Tuesday, December 28, 2010

Blizzard musings

Blizzards are not for the faint of heart. Most people choose to witness the fury of a blizzard from the inside of their safe and cozy abode. Yesterday photographers and folks with pooches were the exception. A lovely greyhound with a red coat, a sweet older golden, my friend John's terrier, Teddy, our goldens and two small dogs too far to identify.
With a wind chill well below zero even the hardiest couldn't stay out long. The words of a talented nature photographer named Dan Tobyne rang in my ears." The worse the weather the better the photographs. " The wind whirled in vicious, biting gusts and the steely gray sky showed no promise of a warming sun. The prize for such bravery.....the exhilarating feeling of being alive in nature's fiercest elements.
There was a distinct feeling of excitement in the air as we walked through Concord Center.
People were feasting on hot soup, drinking tea and hunkering into the warmth and friendship of one of the few places open. The steaming cup of latte I shared with Paul at Main Street
cafe tasted especially sweet.

Friday, December 24, 2010

Thursday, December 23, 2010

Saturday, December 18, 2010


"Live with intention.
Walk to the edge.
Listen hard.
Practice wellness.
Play with abandon.
Choose with no regret.
Continue to learn.
Appreciate your friends.
Do what you love.
Live as if this is all there is."
Mary Anne Radmacher

Chatham in December

Chatham in December is
and wild
in equal measure.

Thursday, December 16, 2010

Best friends

" There is a friend in the life of each of us
who seems not a separate person, but an expansion, an interpretation
of one's self, the very meaning of one's soul. "
Edith Wharton

Friday, December 10, 2010

" Room in Heaven "

Last night I took care of Mary. She is 92, sharp as a tack and dear as the day is long. Once a week I go to her apartment and " Help her get ready for bed. " I make the coffee, wind the cuckoo clock, put in her eye drops and bring her nightie to her. She does the rest. She has her routine, a lovely place to live, four children and countless grandchildren, many who live nearby.
Before she went to bed she told me her dearest and oldest friend, who she was due to have lunch with, called to tell her she had been diagnosed with dementia. A wiz at math, she knew something was wrong when she began to struggle with balancing her checkbook. Soon simple subtraction and addition became impossible. As Mary told me this a deep sadness I had never seen came over her. She realized, though her friend was only one town over, this meant she was losing her. " I don't have many friends left you know. Most of the friends I have are younger, but it's not the same." I agreed. Old friends are like gold. She went on to say, " I miss my John most of all. I'll never get used to that. I wish there was room in heaven for me now."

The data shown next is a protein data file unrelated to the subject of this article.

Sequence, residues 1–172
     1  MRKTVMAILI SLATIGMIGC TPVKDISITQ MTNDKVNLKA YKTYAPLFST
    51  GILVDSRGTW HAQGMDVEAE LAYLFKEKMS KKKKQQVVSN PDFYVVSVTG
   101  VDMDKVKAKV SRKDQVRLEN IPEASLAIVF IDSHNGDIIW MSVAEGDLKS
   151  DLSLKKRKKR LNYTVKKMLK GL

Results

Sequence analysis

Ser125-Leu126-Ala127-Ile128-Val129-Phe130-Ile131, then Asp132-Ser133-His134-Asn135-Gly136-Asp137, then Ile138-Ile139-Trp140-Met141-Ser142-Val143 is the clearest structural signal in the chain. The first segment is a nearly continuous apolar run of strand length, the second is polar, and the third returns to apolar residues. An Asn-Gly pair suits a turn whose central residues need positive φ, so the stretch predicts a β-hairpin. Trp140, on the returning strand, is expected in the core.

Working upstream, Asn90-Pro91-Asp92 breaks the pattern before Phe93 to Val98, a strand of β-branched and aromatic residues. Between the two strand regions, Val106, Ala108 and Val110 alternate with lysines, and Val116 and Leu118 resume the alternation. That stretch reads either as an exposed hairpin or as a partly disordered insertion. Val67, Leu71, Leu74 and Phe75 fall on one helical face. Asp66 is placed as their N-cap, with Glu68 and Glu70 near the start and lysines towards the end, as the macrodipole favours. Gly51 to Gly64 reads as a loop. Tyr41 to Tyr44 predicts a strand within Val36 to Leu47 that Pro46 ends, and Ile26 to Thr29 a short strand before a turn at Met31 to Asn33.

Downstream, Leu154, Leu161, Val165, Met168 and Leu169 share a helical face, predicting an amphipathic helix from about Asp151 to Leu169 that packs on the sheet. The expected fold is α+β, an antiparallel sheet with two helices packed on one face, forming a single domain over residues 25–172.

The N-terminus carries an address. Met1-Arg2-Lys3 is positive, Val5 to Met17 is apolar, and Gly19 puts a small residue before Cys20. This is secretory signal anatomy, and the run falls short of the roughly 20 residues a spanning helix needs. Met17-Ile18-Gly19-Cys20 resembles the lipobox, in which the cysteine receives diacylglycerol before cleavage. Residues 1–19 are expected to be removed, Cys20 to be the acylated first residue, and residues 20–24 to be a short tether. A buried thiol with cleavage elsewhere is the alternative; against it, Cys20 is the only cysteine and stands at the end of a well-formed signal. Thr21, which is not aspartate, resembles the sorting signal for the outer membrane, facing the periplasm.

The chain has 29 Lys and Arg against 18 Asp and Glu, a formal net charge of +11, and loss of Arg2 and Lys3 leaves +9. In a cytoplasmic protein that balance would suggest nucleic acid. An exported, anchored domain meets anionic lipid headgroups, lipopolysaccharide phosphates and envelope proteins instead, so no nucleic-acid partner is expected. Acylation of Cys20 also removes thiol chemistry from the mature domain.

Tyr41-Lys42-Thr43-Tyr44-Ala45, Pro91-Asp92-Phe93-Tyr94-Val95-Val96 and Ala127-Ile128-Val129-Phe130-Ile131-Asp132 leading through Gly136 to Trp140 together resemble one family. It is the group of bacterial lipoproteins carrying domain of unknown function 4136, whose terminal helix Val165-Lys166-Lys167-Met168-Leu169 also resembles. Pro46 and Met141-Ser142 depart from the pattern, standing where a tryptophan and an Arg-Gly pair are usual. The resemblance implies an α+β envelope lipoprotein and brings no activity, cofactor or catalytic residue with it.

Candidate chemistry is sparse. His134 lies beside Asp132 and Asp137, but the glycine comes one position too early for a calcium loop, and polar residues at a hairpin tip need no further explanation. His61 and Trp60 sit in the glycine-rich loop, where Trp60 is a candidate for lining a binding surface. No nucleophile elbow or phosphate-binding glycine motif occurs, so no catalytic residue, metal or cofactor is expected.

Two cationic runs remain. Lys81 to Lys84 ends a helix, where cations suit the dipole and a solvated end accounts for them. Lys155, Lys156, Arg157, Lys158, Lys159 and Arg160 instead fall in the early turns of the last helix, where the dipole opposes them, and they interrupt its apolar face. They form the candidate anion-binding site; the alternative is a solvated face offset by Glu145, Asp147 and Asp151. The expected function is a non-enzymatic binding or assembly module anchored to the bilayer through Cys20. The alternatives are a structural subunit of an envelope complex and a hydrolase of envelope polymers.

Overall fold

This strong, positive woman looked down at her hands, twisted her wedding ring and wept. I wept inside for her. I held her hands before she went to bed and told her what an amazing woman she is and what a treasure she is to her family. But at that moment I wondered, if she wants to go why isn't there " Room in heaven " for her?

Wednesday, December 8, 2010

Laugh often and " Love the one your with"

I just read an article in the New York Times by Yoko Ono. Yesterday was the 30 year anniversary of the assassination of John Lennon. The piece, titled " The Tea Maker " is a memory of tea, of making tea, of their cats, and their Dakota kitchen. There is a photograph of the two of them. It is a photograph of love.
The piece is short; it is a story about the middle of the night. It is a story about laughter. I believe life is in the details. Stories breathe life into all the many nooks and crannies. At the end of the story she says, " My memory of us is we were a couple who laughed often." This reminded me how blessed I am to be " A couple who laughs often."

Monday, December 6, 2010


A few of my favorite things......
Right now it is savoring a bowl of hot McCanns oatmeal.
Now there is oatmeal and there is OATMEAL!
These are 100% whole grain Irish oats distributed by Sturm Foods in Manawa, WI
This oatmeal won the " International Exhibition Award in 1876 "
A 28 ounce can costs about $7-8 and has 20 servings.
Here's how you do it...
1) Buy a can of McCanns ( It may seem expensive but if you analyze it against the processed/ prepackaged Quakers I think it may be more economical and certainly healthier. Plus you end up with a wonderful can that you can put your pens, paint brushes or tools in. If you are feeling ambitious you can even decorate it with lovely paper using modge podge or glue.
2) Bring 1 quart of water to a boil, add 1 cup of oats, stir and simmer uncovered for 30 minutes.
Stir a few times while it's cooking.
3 ) In your favorite bowl add whatever your heart desires. Personally, I add a dollop of
butter, some fruit, vermont maple syrup and milk.
4 ) Sit in a comfy spot and eat it slowly. Savor every bite; it is so different than the processed kind. It has a chewiness and a heartiness. It sticks to your ribs and is good for your heart. Think about Ireland and the traditions attached to this wonderful food.
On the back of the can is an Irish blessing
May the road rise to meet you.
May the wind be always at your back.
May the sun shine warm upon your face.

Wednesday, December 1, 2010

On being astonished

Mary Oliver says " Work is mostly standing still and learning to be astonished. " This fall I have spent more time in the woods than ever. Every day I am , as she says , astonished by something. The tiniest bird camouflaged in a dark rotting tree. The thinnest layer of ice on the pond looked more like a topographical study than frozen water. A cluster of pine cones that Andy Goldsworthy might have arranged around a tree stump yet I know it was nature's random version of perfection. I am learning to love the bare branches of November. I can see more and the sun can easily find me now.